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Why Apple should reinvent manufacturing
The tech juggernaut isn't the only company to use factories with poor working conditions, says Farhad Manjoo at Slate. But it's the only one that can change things
Apple can risk a financial loss to gain the moral high-ground and innovate ways to make its factories more humane, says Farhad Manjoo at Slate.
Apple can risk a financial loss to gain the moral high-ground and innovate ways to make its factories more humane, says Farhad Manjoo at Slate.
Qilai Shen/In Pictures/Corbis
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ast week, Apple cheered its jaw-dropping quarterly profits — double what the company earned in the same period in 2010. The high spirits were punctured just one day later when The New York Times published a story on the "punishing" conditions at the Chinese factories that assemble Apple's iPhones and iPads. The scathing report, detailing grueling seven-day-a-week shifts and worker suicides, was a blow both to Apple's loyal customers and to the company's brand, sending a clear message to the tech juggernaut. Apple has reinvented so many industries it's almost hard to keep track: Music, phones, PCs, photography, says Farhad Manjoo at Slate. "Now it should reinvent how gadgets are manufactured." Here, he explains why it's not only the right thing to do, it's the smart thing:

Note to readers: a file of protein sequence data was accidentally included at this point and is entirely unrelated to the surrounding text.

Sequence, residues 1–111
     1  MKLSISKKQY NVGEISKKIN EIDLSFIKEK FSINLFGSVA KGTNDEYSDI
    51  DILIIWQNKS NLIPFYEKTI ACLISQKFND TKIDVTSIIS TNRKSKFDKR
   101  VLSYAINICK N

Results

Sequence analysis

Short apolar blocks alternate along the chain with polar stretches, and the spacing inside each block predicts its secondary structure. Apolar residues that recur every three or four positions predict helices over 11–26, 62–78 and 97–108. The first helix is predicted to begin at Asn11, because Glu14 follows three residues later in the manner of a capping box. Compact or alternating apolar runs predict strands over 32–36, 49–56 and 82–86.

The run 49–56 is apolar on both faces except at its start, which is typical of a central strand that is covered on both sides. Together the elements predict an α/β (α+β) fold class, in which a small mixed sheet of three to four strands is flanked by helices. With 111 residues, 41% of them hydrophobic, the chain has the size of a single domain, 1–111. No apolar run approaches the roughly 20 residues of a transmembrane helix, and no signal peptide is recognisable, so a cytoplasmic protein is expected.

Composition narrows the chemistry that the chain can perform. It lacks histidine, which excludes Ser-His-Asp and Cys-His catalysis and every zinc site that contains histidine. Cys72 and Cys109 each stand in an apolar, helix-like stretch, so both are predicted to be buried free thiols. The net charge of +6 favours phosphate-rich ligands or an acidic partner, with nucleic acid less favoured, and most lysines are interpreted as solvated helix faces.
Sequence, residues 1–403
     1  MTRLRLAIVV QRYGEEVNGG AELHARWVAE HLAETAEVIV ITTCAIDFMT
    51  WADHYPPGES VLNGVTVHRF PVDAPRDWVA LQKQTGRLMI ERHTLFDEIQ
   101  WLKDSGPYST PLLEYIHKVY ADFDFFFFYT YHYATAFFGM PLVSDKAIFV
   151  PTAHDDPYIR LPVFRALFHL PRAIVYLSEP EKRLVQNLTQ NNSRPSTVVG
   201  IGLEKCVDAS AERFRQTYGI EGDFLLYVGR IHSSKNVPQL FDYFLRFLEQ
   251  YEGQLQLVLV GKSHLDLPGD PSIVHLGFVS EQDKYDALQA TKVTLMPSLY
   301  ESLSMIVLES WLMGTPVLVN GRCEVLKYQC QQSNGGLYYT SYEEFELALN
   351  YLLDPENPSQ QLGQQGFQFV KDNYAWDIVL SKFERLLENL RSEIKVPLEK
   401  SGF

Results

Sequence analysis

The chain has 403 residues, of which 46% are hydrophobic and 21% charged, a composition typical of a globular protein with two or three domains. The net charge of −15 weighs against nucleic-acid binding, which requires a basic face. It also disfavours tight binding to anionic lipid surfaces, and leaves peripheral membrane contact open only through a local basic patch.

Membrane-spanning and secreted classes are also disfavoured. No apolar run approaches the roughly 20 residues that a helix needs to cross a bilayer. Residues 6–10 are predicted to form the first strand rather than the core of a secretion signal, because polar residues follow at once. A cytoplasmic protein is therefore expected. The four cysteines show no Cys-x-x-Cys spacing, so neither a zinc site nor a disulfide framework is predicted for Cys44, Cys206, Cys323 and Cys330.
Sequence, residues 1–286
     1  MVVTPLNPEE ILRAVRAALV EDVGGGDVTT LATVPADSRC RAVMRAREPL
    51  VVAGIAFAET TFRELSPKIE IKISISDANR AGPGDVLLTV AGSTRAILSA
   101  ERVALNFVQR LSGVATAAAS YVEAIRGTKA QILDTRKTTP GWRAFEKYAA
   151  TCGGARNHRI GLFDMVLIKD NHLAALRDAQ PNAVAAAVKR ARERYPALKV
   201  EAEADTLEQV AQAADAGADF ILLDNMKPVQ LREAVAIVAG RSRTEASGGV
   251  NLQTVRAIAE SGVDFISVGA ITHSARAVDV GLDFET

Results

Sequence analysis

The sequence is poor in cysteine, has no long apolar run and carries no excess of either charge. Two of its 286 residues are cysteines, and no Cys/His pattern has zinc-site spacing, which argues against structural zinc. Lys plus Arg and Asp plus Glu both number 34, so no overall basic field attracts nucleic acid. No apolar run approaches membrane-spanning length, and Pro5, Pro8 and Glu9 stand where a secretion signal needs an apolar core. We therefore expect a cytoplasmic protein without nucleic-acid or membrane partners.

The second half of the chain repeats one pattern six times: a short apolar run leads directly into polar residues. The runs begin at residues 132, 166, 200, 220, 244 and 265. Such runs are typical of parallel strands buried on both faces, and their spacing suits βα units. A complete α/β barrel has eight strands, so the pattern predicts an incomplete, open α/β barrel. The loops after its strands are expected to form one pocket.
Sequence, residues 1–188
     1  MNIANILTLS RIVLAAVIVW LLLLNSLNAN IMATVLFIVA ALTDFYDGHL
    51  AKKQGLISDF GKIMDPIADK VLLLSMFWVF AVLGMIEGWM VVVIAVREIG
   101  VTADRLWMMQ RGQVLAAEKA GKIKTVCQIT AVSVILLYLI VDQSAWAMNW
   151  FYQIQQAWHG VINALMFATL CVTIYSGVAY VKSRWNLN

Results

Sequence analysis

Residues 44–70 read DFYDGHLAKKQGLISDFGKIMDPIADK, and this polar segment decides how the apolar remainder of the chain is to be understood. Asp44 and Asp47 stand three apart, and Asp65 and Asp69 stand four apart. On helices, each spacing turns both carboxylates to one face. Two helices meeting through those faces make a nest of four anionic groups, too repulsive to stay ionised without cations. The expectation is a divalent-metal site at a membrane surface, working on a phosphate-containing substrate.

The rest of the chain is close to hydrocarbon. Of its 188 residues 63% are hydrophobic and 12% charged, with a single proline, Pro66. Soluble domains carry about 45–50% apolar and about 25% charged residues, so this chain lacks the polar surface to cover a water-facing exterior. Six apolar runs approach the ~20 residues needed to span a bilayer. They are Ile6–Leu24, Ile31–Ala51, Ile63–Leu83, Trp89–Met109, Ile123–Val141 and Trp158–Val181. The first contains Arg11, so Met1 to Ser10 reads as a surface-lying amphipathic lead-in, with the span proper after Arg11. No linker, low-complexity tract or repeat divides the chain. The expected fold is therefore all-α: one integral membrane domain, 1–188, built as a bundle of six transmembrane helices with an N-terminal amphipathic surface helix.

Apple is in a unique position to change how the world’s gadgets are made. It alone can risk reducing earnings over the short run in exchange for a long-term improvement in the conditions at its plants. Apple has almost $100 billion in cash, and it has frequently used its holdings on strategic investments that pay off over time (for instance, buying up the world's supply of touch-screen panels). Apple’s brand image is core to its success. Millions of people around the world believe that no other company is smarter about improving our gadgets. If that perception keeps getting challenged by reports from Apple’s dark underbelly, many of its customers might rightly wonder whether the iPhone is really worthy of their continued affection. Not to mention their money.

Read the full story at Slate.

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